By some accounts, the weather on Easter day 1913 started out beautifully. But by evening it was raining, and the rain didn’t let up for nearly a week.
That heavy, steady downpour was landing on frozen ground and running off into streams, then rivers. Rivers that were already mighty grew to five times their size; the resulting flooding brought historic devastation to Albany and Troy and took out bridges all along the Hudson and Mohawk.
The impacts linger still, a century later.
Upstate New York that spring was on the fringe of what they didn’t yet call a “superstorm.” Nationwide, more than 1,000 people were killed and 250,000 left at least temporarily homeless across 14 states, mostly in a path from Nebraska to Ohio. Some of those places — Dayton, in particular, where 360 people died — got national and even international headlines.
“Upstate New York also suffered record flooding that under different circumstances would likely have drawn greater national attention,” researcher Trudy E. Bell wrote in a paper prepared for a New York state history conference in 2009.
It was an early Easter that year, too, falling on March 23. An Arctic front bearing sleet hit on Good Friday; there were reports of 90 mph winds at Buffalo. Then, on Easter, the torrential downpours began. An inch of rain per day kept falling over the Hudson and Mohawk watersheds, right through the following Thursday.
At Corinth, the dam at the Hudson River paper mill washed out. Water was running 91⁄2 feet over the top of the Spier Falls Dam in Moreau. A log boom broke at Corinth and thousands of hydro-powered logs took out the bridge between Glens Falls and South Glens Falls, killing two.
“It was more rain than had ever been seen before, throughout the area,” said Corinth town historian Rachel Clothier, who gave a talk Thursday at the Brookside Museum in Ballston Spa.
On Friday, March 28, the Mohawk and Hudson crested at the same time near Waterford, which was bad news for Albany and Troy. The Hudson reached 24.4 feet in depth at Albany, less than an inch short of its highest level ever, Bell found. Streetcar lines were submerged, railroad embankments were undermined by the surging water and police in rowboats were rescuing the stranded.
Albany’s riverfront water filtration plant flooded and raw Hudson water swept into the filtered-water reservoir behind the plant.
Sewage contamination from the river caused an outbreak of typhoid fever in the city — and back then, before antibiotics, typhoid killed 10 percent of the people who caught it, and those who didn’t die could linger ill for months. With 180 cases reported by mid-April, desperate measures were taken. City workers loaded a small boat with bags of chlorinated lime and spread it across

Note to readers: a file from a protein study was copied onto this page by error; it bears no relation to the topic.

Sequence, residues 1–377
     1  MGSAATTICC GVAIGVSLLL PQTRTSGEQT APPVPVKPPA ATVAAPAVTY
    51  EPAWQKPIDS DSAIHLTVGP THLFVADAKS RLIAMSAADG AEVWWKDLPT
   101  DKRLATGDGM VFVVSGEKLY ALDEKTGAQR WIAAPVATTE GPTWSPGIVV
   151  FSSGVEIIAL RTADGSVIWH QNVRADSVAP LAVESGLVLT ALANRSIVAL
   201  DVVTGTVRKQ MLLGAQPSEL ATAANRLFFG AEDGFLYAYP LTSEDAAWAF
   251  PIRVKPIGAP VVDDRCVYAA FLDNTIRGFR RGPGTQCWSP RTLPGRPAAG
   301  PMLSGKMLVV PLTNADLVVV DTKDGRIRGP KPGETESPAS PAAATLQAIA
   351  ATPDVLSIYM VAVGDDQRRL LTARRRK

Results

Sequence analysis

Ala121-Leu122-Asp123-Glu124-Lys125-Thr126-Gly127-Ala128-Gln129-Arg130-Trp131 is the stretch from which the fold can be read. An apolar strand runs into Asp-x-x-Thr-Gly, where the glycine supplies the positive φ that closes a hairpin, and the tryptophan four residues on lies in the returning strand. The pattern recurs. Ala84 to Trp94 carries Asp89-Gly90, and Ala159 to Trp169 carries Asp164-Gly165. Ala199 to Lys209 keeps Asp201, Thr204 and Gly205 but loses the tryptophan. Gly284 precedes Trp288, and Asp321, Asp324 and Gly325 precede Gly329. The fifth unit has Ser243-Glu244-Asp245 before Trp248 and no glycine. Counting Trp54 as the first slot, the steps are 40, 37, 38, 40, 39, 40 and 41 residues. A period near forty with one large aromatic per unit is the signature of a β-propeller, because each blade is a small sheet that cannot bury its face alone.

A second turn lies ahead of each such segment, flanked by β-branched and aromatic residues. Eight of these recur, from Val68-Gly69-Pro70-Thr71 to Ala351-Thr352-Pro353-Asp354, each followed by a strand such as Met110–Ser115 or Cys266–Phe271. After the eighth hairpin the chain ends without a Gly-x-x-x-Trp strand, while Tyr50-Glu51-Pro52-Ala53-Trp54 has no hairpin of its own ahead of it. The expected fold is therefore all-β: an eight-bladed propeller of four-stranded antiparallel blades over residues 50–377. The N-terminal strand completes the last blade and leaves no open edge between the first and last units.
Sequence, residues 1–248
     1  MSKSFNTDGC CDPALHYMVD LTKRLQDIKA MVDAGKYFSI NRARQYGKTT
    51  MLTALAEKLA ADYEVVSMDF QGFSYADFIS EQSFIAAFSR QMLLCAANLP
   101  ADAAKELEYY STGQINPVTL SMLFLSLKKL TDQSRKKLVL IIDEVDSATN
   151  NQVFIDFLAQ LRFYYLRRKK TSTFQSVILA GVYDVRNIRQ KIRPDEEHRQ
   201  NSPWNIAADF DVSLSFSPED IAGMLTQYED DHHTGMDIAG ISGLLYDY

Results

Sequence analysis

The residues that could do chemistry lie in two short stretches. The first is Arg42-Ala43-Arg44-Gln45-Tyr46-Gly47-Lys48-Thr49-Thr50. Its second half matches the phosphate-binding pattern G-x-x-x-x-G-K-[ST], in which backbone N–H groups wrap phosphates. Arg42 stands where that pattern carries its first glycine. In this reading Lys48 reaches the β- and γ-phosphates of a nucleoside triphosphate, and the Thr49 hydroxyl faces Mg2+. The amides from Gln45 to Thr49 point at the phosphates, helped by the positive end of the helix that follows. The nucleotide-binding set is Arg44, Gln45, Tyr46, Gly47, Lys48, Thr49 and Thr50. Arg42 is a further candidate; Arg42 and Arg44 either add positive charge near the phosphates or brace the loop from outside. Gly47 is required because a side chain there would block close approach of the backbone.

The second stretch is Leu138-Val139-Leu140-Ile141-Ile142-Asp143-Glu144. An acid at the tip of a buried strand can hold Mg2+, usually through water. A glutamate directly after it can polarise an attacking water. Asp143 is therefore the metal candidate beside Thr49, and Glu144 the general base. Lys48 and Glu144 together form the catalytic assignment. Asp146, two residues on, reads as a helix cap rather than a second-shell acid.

the city reservoir by dumping the bleach-like powder over the side.
The outbreak subsided. The incident would later be widely cited as proof that chlorination of water — even haphazard chlorination in crisis — worked effectively to kill disease-carrying bacteria.
The 1913 flooding was also the final impetus for construction of a flood-control dam above Hadley on the Sacandaga River.
The idea of damming the Hudson’s tributaries had been discussed for at least a decade before that. Less-severe flooding was nothing new, but perhaps just as significant was that the lumber and power mills along the Hudson wanted a controlled, steady flow of water, even in the dry summer months.
But it took the flooding of 1913 — and then flooding almost as severe in 1914 — to get the state Legislature to act. Voting just blocks from where streets had flooded, lawmakers approved an amendment to the state Constitution in the fall of 1913 that allowed up to 3 percent of the state forest land in the Adirondacks to be inundated for new flood control reservoirs; dams on the Black and Sacandaga rivers would become centerpieces of the plan.
A final plan for the reservoir system was approved in 1923, and work soon started. There were 12,000 acres of timber cleared in the Sacandaga Valley, 3,800 gravestones were relocated and more than 40 miles of new road were built around the rim of the new reservoir being created in Saratoga and Fulton counties.
The gates at the new Conklingville Dam were closed on March 27, 1930 — the event that impounded what is today the Great Sacandaga Lake.
Stephen Williams is a Gazette reporter. Opinions expressed in his column are his own and not necessarily the newspaper’s. He can be reached at 885-6705 or firstname.lastname@example.org.